When buying solar panels, two things immediately jump to mind: the size and the cost.
You can only install panels on your boat in a few locations. So a primary consideration is always “how many watts can I put on this boat.” At the same time, budget usually plays a role.
The Role of Panel Efficiency
And so, panel efficiency becomes a consideration, too. Higher panel efficiency means that you can get more wattage in a given amount of space. At the same time, more efficient panels generally cost more per watt. And of course, you can only buy panel sizes that manufacturers produce.
A higher percentage number means increased panel efficiency.The cheapest panels sold on Amazon are about 15% efficient. While the best SunPower A+ panels are about 24% efficient.
And some bifacial panels (which also generate power on the bottom side if sunlight reflects there from the water – say for panels mounted on a transom arch) tout 27% efficiency.
That analysis makes it look like there is very little reason to spring for top-end panels. There’s not much more space required for a major savings in money. But there are a few other things to consider from what we see in real-world application:
- While all panels come with similar warranties, people tend to have more problems with inexpensive panels delaminating and even frames breaking. Companies like Renogy say they have resolved the issues. But it hasn’t been long enough to see if they really are.
- The more expensive panels tend to output higher volts. This means that you can use smaller wire from the panels to the controller for less of a voltage drop. Bottom line: you’ll put more power into your batteries.
But there are a few other things to consider and you may not want to reject the more expensive panels out of hand immediately.
Pretty much every brand out there sells several grades of panels. Actual power production depends on whether the panel sits in shade as well as the angle to the sun. In talking with friends – real-life experience on boats, not just what a salesman says in theory – the consensus is that the highest grades will produce more power at lower sun angles. Most panels are going to struggle with shadows. Although I recently saw an interesting idea by Custom Marine Products to limit the effect of shadows (read more).
Panel Sizes and Types
It’s rare that you can find panels that just exactly fit the space you have available, so that you can totally maximize your installation. The good news is that at pretty much any price point, there will be a variety of options. However, you absolutely MUST consider how and where you’ll install the panels before ordering them.
There are solid panels, semi-rigid (also called walk-on panels) and flexible. Flexible tend to have short lives and can create enough heat on a surface to be a fire risk. Semi-rigid have both longer life and less fire risk (it’s what we put on the “roof” of Barefoot Gal). You can install them with VHB tape so they sit less than ½” off the mounting surface. Rigid panels tend to have the longest life. But they require the strongest mounts to counter the wind forces.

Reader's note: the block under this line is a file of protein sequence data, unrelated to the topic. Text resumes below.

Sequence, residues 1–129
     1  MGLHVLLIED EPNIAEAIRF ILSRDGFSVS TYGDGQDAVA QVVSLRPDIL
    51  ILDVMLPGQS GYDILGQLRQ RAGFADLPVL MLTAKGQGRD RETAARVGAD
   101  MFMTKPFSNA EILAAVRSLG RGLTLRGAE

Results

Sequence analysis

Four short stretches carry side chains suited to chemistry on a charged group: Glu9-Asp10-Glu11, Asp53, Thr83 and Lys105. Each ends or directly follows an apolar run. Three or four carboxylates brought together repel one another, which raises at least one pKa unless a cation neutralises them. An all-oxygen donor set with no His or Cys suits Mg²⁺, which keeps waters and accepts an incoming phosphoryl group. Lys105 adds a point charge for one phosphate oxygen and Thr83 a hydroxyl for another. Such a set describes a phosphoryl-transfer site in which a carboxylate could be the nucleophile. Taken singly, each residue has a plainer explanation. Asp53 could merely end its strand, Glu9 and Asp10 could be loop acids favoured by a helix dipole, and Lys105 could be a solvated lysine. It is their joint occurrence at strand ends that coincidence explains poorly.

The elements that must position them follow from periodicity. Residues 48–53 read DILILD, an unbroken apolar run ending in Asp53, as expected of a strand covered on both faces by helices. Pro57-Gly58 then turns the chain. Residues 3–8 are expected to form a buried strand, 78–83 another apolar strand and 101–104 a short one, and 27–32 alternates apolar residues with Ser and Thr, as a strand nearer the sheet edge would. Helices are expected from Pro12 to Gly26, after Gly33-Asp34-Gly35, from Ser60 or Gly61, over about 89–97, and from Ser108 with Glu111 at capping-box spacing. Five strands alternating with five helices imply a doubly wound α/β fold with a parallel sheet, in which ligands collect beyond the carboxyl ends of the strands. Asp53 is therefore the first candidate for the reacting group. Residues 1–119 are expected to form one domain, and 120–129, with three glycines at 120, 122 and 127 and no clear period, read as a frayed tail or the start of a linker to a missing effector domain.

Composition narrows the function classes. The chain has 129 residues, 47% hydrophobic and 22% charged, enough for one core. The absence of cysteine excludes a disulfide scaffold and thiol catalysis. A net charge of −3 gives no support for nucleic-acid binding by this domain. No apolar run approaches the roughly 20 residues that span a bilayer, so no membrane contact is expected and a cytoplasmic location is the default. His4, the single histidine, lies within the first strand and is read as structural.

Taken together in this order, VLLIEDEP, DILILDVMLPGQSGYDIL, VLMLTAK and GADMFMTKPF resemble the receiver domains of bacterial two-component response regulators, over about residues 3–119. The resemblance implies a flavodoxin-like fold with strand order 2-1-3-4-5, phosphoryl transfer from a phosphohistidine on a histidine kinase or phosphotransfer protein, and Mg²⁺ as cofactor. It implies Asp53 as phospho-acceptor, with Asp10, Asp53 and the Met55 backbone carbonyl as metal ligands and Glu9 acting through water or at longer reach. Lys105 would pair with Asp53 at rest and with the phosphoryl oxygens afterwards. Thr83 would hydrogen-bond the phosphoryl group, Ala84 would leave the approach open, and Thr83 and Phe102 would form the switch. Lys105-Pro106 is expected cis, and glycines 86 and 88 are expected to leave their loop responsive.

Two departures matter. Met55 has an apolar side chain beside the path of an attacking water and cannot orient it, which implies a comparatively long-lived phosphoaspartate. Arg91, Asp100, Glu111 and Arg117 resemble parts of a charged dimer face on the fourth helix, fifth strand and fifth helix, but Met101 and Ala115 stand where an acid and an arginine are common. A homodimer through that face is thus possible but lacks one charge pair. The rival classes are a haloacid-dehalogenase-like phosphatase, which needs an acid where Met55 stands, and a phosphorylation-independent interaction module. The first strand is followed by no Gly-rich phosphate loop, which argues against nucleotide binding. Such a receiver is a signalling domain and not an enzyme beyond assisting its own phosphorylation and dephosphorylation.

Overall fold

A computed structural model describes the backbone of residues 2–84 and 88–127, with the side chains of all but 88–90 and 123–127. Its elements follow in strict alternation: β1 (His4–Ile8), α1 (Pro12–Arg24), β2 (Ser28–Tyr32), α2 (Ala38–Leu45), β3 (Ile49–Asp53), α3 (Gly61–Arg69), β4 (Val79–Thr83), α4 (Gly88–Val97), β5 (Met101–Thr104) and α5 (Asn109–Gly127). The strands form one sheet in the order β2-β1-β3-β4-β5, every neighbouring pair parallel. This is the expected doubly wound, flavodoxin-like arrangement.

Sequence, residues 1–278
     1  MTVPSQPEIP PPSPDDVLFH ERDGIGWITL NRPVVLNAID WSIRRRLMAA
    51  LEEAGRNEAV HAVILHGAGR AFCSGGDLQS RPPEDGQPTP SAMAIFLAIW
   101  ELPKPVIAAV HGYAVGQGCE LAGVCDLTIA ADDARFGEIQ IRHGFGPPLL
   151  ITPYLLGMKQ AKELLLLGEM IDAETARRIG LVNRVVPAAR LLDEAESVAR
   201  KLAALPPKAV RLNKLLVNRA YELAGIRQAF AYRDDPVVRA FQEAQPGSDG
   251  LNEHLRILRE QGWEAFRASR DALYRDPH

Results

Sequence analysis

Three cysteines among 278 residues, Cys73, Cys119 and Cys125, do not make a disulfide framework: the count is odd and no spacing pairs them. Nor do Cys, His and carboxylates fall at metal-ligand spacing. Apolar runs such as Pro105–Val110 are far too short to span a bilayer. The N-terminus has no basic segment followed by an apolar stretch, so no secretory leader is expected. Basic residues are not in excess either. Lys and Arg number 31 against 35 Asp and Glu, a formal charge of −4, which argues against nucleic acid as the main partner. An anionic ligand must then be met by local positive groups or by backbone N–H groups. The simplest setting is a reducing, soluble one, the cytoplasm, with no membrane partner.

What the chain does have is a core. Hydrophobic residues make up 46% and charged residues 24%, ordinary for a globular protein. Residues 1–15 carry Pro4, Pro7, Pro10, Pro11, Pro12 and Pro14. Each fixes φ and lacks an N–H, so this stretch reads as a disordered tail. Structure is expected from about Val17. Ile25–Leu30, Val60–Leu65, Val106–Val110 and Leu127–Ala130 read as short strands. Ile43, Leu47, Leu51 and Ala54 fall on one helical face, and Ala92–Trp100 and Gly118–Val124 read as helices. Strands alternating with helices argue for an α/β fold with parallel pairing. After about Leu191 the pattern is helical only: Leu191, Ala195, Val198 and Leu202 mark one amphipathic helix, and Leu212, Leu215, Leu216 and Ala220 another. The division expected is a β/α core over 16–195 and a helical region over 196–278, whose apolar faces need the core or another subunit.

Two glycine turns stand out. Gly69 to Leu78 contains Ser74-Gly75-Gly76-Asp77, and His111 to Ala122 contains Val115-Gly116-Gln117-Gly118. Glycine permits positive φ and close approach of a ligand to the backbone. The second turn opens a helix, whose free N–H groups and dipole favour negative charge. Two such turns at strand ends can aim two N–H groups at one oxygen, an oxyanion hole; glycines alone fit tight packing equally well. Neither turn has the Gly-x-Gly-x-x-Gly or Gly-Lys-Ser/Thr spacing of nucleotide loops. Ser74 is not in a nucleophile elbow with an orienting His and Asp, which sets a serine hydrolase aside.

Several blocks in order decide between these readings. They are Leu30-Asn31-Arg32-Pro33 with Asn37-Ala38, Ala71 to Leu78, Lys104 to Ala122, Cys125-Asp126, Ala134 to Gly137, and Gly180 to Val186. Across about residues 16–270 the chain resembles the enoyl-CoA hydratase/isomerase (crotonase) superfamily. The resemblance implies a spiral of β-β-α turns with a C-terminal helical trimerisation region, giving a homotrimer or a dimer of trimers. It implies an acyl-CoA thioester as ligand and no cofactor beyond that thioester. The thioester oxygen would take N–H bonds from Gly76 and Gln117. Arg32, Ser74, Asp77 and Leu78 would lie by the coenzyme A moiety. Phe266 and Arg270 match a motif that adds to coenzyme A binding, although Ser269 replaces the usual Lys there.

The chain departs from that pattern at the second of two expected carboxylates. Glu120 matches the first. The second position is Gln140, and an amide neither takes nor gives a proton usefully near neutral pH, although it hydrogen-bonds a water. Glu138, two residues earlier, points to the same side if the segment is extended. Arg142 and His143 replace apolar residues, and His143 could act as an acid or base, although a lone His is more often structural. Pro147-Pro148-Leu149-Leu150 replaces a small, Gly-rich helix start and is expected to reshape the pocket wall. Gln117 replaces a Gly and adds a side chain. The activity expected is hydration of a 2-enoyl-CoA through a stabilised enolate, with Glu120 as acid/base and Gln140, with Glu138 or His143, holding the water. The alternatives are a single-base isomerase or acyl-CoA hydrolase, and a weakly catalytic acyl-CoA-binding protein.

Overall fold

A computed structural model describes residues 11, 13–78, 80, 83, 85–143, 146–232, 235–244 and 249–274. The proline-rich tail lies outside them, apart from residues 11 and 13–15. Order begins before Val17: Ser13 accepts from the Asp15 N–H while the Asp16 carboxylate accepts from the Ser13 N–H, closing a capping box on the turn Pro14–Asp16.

I’ll be honest – it was the panel size and the fact that it could be mounted directly on fiberglass with VHB tape that made us buy a top-of-the-line Sunpower A+ semi-rigid panel. They fit the best in the space we had available.
The Rest of the System
But buying solar panels are only one piece of the power generation puzzle. For the greatest power production, you need the right charge controller(s), wiring, and battery technology:
- MPPT controllers are absolutely the way to go. They’ll take whatever voltage your panels are putting out and turn it into the most possible amps at the voltage your batteries need. The current best practice is to use one controller per panel, and Victron controllers seem to be the state of the art for typical boat installations. In 2019, we switched from a 4 year old Midnite Sun controller (which had been state of the art when we got it) to a Victron and saw a 15% increase in power produced with no other changes.
- Wiring is another often-overlooked component. Using the wire size for a 3% voltage drop instead of a 10% drop will put an extra 7% into your batteries. Using one size up will ensure that you don’t lose a single watt. If you’re unsure of the correct wire size, grab a copy of our 12V Wiring Size Selector (it’s under $6 and designed to withstand being stuff in a tool box).
- No one really thinks about battery technology or age, but the reality is that lithium batteries are much more efficient in accepting a change than lead-acid or AGM. Additionally, older batteries lose some of their capacity as well as charge efficiency. Together, this may make anywhere from a 5 to 20% difference in how much usable power you actually get from the sun.
Not only do all these components have a big impact on how well the system performs, the controller and wire will cost several hundred dollars. Mounting hardware – or a structure such as an arch – can add anywhere from $20 for VHB tape to thousands for an arch.
Bottom Line When Buying Solar Panels
Solar power is silent, clean, and easy on boats. In most locations, you get the most bang for your buck with a solar install, versus any other method of power generation. Still, there are numerous decisions to be made as you’re planning your system and all will have definite consequences on both your power supply and your wallet.
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